Kangal Dog Puppy

Kangal Dog Puppy

Friday, July 30, 2010

Working Dog In Progress

Ariella is showing so much promise it is hard to keep up with it all. We have now had her almost one full week. Every day she shows me some new trait. I may have jumped the gun with giving her so much alone time with our two orphan lambs but it seems to be working out. On the second day she began to play with them and run them. I immediately discouraged her from doing that. It has not taken many scoldings for her to stop from doing it. I have yet to catch her in the act ever since. I have given her other things to do besides want to "play" with her mates. At first I gave her an old knotted up sock to play with. Then today I gave her a raw beef bone to chew on.

Since day two of Ariella being here I have taken her with me to do my chores. She rides in the truck next to me. Kelli calls her my "side kick".

Today she went to town with me to pick up sweet corn for our farm stand. She met many people and I got the opportunity to educate curious folks as to what exactly a Livestock Guardian Dog is. And "what kind of dog is she"? People thought I was saying "Congo" instead of Kangal. So I found that if I told them she was a "Turkish Kangal"rather than just Kangal, they understood better what I said. One lady who was from Chicago new her name Ariella was Hebrew. I thought that was interesting.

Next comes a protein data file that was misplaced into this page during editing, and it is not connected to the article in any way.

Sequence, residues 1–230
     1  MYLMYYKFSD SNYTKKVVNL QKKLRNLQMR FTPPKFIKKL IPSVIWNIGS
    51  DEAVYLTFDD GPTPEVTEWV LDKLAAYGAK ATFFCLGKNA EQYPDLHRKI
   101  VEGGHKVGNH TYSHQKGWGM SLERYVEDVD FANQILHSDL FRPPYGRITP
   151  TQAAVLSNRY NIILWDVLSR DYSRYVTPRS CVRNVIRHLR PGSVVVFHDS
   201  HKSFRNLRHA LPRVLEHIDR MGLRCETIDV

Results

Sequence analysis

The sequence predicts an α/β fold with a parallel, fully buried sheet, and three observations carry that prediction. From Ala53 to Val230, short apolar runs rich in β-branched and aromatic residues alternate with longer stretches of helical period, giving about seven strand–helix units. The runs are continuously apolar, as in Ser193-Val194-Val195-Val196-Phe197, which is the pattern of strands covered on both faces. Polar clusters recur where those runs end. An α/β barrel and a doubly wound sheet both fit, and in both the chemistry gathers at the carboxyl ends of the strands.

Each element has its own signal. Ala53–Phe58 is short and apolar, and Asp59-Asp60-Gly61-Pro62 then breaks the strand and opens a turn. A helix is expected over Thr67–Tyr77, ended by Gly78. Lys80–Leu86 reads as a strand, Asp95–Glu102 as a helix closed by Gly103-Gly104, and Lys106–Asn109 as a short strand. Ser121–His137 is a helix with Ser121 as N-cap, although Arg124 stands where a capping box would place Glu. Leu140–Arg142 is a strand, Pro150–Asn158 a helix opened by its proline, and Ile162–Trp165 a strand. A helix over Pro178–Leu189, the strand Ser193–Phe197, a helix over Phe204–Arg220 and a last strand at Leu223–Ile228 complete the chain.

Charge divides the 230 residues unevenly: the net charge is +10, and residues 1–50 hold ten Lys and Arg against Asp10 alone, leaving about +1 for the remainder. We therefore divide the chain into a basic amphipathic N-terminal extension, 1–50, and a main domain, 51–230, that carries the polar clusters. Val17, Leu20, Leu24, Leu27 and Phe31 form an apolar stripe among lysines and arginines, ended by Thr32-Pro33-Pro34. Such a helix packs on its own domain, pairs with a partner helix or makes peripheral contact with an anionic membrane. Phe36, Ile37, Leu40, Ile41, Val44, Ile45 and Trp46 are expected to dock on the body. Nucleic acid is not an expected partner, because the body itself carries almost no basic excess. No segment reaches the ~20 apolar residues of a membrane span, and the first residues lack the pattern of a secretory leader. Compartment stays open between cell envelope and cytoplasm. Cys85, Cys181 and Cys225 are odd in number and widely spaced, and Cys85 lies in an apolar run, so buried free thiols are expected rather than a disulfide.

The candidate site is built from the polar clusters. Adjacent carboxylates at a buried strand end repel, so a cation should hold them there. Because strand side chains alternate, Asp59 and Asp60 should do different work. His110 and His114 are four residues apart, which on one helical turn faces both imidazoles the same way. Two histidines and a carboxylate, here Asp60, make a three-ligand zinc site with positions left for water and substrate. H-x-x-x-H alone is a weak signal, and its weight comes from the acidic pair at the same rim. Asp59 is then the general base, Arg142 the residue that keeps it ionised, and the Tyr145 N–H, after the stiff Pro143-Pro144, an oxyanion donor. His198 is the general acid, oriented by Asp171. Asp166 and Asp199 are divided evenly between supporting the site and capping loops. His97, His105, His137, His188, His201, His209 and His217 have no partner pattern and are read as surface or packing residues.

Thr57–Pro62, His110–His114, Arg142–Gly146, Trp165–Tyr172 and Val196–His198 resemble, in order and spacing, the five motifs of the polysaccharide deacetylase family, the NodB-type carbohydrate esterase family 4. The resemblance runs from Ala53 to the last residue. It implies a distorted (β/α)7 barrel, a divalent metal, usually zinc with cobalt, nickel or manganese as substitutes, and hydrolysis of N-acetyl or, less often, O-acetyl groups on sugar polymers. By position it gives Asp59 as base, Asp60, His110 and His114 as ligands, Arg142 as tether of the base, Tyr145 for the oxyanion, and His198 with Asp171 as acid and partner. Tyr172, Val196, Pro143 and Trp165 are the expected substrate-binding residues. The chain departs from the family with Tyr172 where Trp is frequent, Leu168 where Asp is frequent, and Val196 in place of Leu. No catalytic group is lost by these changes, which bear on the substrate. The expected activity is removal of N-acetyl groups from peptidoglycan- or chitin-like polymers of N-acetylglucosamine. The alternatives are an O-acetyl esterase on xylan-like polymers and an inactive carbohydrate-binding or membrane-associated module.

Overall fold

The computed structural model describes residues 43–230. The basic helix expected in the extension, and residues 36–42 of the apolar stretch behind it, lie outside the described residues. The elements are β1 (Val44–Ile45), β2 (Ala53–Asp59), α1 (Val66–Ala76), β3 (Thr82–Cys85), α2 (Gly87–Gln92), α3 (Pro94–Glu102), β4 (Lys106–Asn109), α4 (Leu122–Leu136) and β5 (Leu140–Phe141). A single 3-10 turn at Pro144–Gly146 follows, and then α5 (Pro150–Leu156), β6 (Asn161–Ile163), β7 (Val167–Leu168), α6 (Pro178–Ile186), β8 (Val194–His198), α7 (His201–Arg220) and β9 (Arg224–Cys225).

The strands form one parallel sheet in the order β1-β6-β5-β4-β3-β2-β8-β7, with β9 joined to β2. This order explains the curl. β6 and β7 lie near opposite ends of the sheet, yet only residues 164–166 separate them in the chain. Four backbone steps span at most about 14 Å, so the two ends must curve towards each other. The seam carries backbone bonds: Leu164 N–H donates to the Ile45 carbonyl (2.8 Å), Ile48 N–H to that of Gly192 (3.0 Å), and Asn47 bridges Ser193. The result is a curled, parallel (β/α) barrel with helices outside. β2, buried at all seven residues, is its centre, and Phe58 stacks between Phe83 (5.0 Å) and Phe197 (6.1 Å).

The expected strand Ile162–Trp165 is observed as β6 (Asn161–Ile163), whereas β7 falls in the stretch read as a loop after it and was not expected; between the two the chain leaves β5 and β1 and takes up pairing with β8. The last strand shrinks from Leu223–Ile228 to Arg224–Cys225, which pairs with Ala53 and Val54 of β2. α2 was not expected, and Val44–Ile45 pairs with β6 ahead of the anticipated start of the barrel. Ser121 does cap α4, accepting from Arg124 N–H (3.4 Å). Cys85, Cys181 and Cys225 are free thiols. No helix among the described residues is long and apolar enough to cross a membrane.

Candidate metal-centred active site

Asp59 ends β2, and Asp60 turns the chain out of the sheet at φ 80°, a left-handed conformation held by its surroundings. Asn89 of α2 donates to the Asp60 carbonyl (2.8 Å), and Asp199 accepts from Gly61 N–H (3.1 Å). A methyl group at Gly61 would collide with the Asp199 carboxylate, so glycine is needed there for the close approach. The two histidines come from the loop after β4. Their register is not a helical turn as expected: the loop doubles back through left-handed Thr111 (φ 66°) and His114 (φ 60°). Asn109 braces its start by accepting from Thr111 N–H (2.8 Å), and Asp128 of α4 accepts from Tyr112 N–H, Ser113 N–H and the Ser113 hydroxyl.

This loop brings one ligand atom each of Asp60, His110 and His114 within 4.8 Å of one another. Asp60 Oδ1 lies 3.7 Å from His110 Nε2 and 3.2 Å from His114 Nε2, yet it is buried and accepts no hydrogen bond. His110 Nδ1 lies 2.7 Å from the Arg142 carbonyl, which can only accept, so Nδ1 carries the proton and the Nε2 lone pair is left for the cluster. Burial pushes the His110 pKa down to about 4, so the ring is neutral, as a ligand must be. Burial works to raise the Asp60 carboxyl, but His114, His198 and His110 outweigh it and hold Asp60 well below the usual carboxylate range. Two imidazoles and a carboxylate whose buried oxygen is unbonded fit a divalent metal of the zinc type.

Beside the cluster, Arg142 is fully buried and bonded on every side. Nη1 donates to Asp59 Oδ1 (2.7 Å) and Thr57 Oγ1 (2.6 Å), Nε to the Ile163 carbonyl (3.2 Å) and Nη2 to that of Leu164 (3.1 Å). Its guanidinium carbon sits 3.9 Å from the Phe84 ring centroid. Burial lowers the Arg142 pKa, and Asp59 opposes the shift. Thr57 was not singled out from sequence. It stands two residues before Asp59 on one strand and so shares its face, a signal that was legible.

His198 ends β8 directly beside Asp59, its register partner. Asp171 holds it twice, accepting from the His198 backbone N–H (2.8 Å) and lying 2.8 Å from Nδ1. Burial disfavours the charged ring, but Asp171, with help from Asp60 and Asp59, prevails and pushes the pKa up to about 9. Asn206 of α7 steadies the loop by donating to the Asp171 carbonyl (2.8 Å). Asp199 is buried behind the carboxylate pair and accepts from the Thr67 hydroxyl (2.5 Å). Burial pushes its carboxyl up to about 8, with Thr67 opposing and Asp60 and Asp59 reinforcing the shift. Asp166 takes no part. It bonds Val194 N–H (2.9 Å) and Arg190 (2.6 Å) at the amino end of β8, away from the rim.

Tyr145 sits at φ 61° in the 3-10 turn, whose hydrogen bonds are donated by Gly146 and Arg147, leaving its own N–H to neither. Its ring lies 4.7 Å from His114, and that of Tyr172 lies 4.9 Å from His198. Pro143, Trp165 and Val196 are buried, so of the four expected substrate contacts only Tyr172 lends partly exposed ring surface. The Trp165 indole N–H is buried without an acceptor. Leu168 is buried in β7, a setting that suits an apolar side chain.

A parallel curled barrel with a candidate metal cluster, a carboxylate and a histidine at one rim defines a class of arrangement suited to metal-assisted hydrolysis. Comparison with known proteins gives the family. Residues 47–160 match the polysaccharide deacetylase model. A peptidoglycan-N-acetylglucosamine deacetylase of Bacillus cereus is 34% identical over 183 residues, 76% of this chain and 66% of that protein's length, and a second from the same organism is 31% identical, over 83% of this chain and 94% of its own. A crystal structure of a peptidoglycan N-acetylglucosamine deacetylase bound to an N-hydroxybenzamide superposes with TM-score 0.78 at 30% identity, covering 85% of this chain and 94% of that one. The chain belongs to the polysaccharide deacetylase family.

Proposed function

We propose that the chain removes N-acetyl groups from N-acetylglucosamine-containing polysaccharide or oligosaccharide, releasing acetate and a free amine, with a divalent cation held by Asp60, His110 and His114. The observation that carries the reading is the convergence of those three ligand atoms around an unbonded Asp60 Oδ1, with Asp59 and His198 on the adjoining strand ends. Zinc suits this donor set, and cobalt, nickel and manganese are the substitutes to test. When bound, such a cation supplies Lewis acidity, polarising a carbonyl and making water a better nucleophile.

Every day I take Arie out to see the main flock. 18 sheep in all. At least once a day, depending either how busy I am or whether or not Arie is up to it. She is still quite young and she gets tired out easily.

In the picture just below an adult sheep charged the fence and you can see that Arie made and evasive maneuver. She is very alert and on her toes. By seeing the way the adult sheep act towards her I believe that predators make frequent visits to the movable pen trying to figure out a way in.

I'm beginning to think that the biggest challenge to introducing Ariella to the main flock will be their aggression toward her. I believe that predators are numerous and that they are always looking for a way to get an easy meal as proven by the big loss we had in poultry last year. So these sheep are wary of four legged critters with sharp teeth. They see Arie as a predator right now.

I think that my main challenge in the months to come will be to convince these sheep that Arie is part of the flock.